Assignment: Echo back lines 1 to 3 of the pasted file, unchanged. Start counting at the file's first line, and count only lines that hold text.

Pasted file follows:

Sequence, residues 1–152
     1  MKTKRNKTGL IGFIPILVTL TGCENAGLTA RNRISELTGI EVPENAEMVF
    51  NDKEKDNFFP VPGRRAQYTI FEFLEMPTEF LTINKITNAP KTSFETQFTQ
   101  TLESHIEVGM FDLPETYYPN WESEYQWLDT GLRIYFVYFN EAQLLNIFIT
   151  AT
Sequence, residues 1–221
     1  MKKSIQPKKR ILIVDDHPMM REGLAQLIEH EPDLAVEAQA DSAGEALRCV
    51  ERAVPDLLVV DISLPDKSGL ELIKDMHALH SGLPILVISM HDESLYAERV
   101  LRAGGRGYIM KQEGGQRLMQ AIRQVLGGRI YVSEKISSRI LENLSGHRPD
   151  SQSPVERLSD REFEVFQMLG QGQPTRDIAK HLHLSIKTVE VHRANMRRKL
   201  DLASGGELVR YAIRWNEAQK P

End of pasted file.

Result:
Sequence, residues 1–152
     1  MKTKRNKTGL IGFIPILVTL TGCENAGLTA RNRISELTGI EVPENAEMVF
    51  NDKEKDNFFP VPGRRAQYTI FEFLEMPTEF LTINKITNAP KTSFETQFTQ